This is Everyone’s Great

OUTDOORS

Memories that last a lifetime begin today. But don’t forget to bring along safety and preparedness for the trip. Our free Safety & Preparedness Guide is packed with tips and essentials to get you there.

girl scouts bsa hiking

Become a part of history in the making! For over 110 years, the Boy Scouts of America has been developing the leaders of tomorrow. Scouts BSA teaches teens skills Scouts can use to be successful. Our culture is one of perseverance and determination and our foundation is that of always being prepared.

Your epic adventure awaits…

Scouts BSA offers a treasure trove of adventure for youth across the nation!

“If anyone is out there and they’re hesitant to join scouting because it’s just something they’ve never done before, my advice is “do it,” because there’s a place for everyone in scouting.”

By The Numbers

Here’s how Scouts BSA stacks up. Join our ranks and we’ll add your numbers to the below.

20,000+

girls have joined Scouts BSA in 2019

2,500+

new troops have been started.

150

Awards

135

Merit Badges

For over a century, the BSA have been the experts in preparedness and safety. Our free guide outlines everything you need to become an adventurer, from what to pack, to how to prepare your camp.

scouts bsa climbing boy

Why Scouts BSA?

Scouts BSA is equal parts Leadership, Adventure, Service and Personal Growth.

LEADERSHIP

Scouting builds tomorrow’s leaders. The life lessons learned in Scouting help all of its members make good decisions in their futures.

ADVENTURE

Scouts BSA gives boys and girls ages 11 through 17 an introduction to the Great Outdoors as well as a lesson about their place in it.

PERSONAL Growth

Scouts grow by planning activities, progressing toward their goals and participating in community service.

Service

Scouts Do a Good Turn Daily by doing their part in caring for the community and the environment.

Frequently Asked Questions

Get answers to frequently asked questions about Scouts BSA.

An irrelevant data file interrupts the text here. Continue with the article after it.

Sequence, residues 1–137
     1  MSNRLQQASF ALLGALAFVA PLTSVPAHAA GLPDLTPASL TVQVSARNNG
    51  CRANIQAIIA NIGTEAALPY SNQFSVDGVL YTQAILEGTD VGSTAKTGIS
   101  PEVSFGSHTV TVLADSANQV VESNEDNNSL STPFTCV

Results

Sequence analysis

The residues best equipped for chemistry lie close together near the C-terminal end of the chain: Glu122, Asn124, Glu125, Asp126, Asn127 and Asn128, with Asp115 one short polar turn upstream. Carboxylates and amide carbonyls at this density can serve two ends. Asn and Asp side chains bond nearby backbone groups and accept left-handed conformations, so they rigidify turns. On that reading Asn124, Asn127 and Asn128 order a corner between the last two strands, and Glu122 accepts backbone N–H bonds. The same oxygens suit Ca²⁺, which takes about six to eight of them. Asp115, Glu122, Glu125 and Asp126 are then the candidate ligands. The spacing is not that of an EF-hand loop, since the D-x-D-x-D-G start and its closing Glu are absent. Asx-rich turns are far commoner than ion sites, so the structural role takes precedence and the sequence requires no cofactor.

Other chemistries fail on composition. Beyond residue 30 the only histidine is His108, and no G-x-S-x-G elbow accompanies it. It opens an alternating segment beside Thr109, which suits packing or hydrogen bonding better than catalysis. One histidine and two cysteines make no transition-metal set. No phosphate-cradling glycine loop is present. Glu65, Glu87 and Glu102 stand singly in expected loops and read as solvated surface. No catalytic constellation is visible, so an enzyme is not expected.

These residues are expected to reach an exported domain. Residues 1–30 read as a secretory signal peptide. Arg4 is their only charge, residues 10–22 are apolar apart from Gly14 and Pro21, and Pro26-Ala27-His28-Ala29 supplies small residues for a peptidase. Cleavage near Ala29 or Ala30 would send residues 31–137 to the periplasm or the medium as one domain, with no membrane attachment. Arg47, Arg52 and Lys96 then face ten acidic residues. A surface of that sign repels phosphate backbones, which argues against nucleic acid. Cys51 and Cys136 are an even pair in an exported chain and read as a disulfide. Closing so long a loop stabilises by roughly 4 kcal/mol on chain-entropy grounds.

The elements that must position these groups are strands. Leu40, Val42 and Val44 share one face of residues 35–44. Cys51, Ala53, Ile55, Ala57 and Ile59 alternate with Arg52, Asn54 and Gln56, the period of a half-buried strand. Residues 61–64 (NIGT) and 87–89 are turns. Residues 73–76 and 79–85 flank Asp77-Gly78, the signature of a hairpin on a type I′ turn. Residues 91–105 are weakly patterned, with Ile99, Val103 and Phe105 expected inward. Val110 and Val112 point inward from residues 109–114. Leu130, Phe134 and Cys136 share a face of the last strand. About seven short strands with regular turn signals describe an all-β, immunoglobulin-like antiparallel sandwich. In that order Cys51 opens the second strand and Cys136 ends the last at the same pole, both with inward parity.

Scouts BSA launched in February 2019, enabling all eligible youth ages 11-17, to earn the Eagle Scout rank. Scouts BSA will be single gender – all girl troops or all boy troops. This unique approach allows the organization to maintain the integrity of the single-gender model while also meeting the needs of today’s families.

The BSA’s decision to offer a program for older girls comes from input we have received from our Scouting families, as well as prospective Scouting families. We understand that families today are busier and more diverse than ever. In fact:

  • Most are dual-earners.
  • There are more single-parent households than in previous decades.
  • Many underserved communities, including fastest-growing Hispanic and Asian communities, prefer to participate in activities as a family.
  • And, all families have less free time. More than one-third of parents feel they spend too little free time with their kids, and millennial parents are desperate to spend more time interacting with their kids.

The BSA believes we owe it to families to structure our program offerings in a way that fits into their busy lives to deliver character development and values-based leadership training that Scouting promises.

The Scouts BSA program is not co-ed. The leadership of the BSA determined that the best way to welcome girls and serve today’s families was to offer a unique model that builds on the proven benefits of our single-gender program, while also providing character and leadership opportunities for both boys and girls.

No. The Boy Scouts of America, in name and as an organization, has stood for character development and values-based leadership training for more than 108 years. It is, unequivocally, one of the most recognized, respected, and valuable brands on the planet. Therefore, while we have expanded the reach of our programs among today’s youth and their families, our name remains the same, and our brand will continue to be a source of pride that we will protect and foster as we look to extend the reach of our promise to more families.

No. Our existing programs are relevant for young men and women. After all, the values of Scouting as outlined in the Scout Law – trustworthy, loyal, helpful, friendly, courteous, kind, obedient, cheerful, thrifty, brave, clean and reverent – are relevant and important values for both young men and young women.

All uniforms continue to be reviewed and adjusted to meet participant needs. While the fit and styling may be a bit different, the uniforms will remain fundamentally the same.

Just as today, they will be called Scouts. For example, “I’m in Scouts BSA, so I am a Scout.”

Since all single-gender troops will run the same Scouting program, earn the same merit badges and achieve the same ranks, it became clear that there should be one program name.

Yes. All members of Scouts BSA will be eligible to earn merit badges.

Yes. Young women will have the opportunity to earn the Eagle Scout rank by meeting the same criteria and achievements as young men.

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